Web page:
2. ANOTHER Reason why he is fo much lec against the common Opinion of Propitiation, and Atonement is, because, as he imagines, it is “ Supporting, Iniquity with Grace + or as he elsewhere in more Places than one to expresses

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+ Page. 170.

I Page 146.



himself, because such a Doctrine is. “ a strong " Hold for Sin and Satan."

But this is a gross Mistake of his own, if not a wilful perverting of the Faith. Is it not very strange, that the strong Expressions of St. Paul in this, and the foregoing Article, should not be able to set bim to rights, especially since he shews so much deference to him, in particular, as to esteem him “ a better Casuist and Expounder of the Docc. trines of Christ, and of the true Nature, “ Genius, and Design of Christianity, than all “the rest put together *?" Yet it is notorious, that he puts the God forbid upon any such subversive Inference, or Supposition of that Kind. If any Christians flatter themselves with the Hopes of Salvation upon easier Terms than they ought, or indeed upon any Terms short of the End and Design of Christianity, teaching them to deny Ungodliness and worldly Lusts, and live poberly, righteously, and godly in this present World, they are certainly mistaken and misinform’d. For the Christian Repentance and Pardon is no man-. ner of Encouragement to Sin; nothing can be plainer than that Pardon is declared, and Satisfaction made for repented Sins, and no other, (though he insinuates the contrary +) and that fupposes time for perfecting the begun Repentance. He allows the “good Effect of Repen

tance, is to lessen the Number of Mens Sins, " and encrease the Weight and Value of their "good Actions in the Day of Account I." Now what is the Use of Faith in our Lord Jesus Christ, but to halten and perfect our Repentance tovards God? With respect to Repentance, (I might add also Prayers, both of them being the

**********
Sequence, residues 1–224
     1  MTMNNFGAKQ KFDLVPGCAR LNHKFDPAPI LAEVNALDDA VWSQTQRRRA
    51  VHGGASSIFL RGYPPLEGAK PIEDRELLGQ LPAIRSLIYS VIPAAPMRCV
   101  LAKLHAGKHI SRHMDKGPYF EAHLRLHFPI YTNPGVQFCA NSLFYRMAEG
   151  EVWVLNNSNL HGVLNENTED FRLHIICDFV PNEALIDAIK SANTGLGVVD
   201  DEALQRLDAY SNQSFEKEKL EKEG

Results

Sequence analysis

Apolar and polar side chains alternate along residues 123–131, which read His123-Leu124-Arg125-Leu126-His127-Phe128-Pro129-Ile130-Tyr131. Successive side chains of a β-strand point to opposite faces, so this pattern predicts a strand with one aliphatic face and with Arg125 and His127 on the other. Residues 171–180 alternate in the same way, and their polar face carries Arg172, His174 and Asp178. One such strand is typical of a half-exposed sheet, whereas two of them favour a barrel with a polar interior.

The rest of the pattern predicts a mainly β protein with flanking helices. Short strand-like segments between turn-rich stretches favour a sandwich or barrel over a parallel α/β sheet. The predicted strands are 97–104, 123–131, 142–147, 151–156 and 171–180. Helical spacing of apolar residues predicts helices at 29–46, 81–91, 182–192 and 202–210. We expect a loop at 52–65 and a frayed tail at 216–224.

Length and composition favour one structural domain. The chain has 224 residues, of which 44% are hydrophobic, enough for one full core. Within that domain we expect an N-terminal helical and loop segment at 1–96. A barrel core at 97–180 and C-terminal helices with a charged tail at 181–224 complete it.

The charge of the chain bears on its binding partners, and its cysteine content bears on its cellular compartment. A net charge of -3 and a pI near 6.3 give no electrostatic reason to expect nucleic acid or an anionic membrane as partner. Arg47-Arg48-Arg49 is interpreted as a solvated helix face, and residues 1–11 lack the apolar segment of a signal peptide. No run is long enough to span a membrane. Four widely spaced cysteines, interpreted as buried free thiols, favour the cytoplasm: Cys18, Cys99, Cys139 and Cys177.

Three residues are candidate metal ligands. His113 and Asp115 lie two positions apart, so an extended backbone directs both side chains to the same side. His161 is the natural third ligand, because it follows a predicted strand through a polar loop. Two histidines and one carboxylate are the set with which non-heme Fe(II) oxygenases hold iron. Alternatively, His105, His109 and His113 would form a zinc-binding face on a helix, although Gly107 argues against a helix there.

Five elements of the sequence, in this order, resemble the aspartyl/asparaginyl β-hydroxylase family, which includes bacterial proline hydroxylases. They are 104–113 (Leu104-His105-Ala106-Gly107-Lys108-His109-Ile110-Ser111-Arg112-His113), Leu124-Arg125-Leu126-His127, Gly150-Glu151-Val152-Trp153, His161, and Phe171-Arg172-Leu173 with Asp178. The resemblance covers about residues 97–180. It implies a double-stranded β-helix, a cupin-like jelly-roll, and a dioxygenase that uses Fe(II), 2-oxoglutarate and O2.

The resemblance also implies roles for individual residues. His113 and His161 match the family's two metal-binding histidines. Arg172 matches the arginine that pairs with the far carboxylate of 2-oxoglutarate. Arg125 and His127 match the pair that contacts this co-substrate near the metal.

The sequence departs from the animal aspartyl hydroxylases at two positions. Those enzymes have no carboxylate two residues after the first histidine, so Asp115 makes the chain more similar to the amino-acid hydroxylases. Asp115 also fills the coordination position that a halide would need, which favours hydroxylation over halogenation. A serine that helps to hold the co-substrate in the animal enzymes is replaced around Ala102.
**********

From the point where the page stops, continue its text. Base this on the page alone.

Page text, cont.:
• Page 331.

it Page 149

I Page 275


datural Religion of the Means for performing the Law of Nature, the Religion of the End) he says “ all Revelation must suppose Reason, and “' be founded in it, and cannot make any thing “ fit, and reasonable, that was not so before * " Now the Christian Revelation supposes this Duty fit and reasonable, the very Voice and Law of God, Nature, and Reason, yet in Commiseration, that it was dead and perish'd out of the World, the Revelation of Jesus Christ presents itself to the World lying in Wickedness, in Aid of that Duty, for the better quickening and enlivning it, not to connive at any Sin, but to forfake every kind universally, with all haste and hatred, if the Knowledge, or rather some 4surance of God's Readiness to forgive after infinite Provocations from Man, is necessary to his Repentance, and if God's Method of affuring the World of that, by the Death of Christ, has a moral. Tendency, and an influential Power, not only for raising up Repentance from the Dead, bút for animating it with Vigour, and pushing that Vigour on to Production of goodly Fruits mete for it, it must be confeffed that the Knowledge of Jesus Christ füffering and dying for penitênt Sinners, is the greatest Service that can be done to Repentance, as well as the most inestimable Blelling to that part of Mankind, to whom it is revealed. 3 It cannot therefore be an indifferent thing to this Duty, nor to Man, whether Christ had suffered or not, as this Author fuppofestseeing it is in itself, in the

roper and grateful Reflections made thereupon, efficacious in promoting the fame. Not necef: fary in order to enable God, as he falsly argues,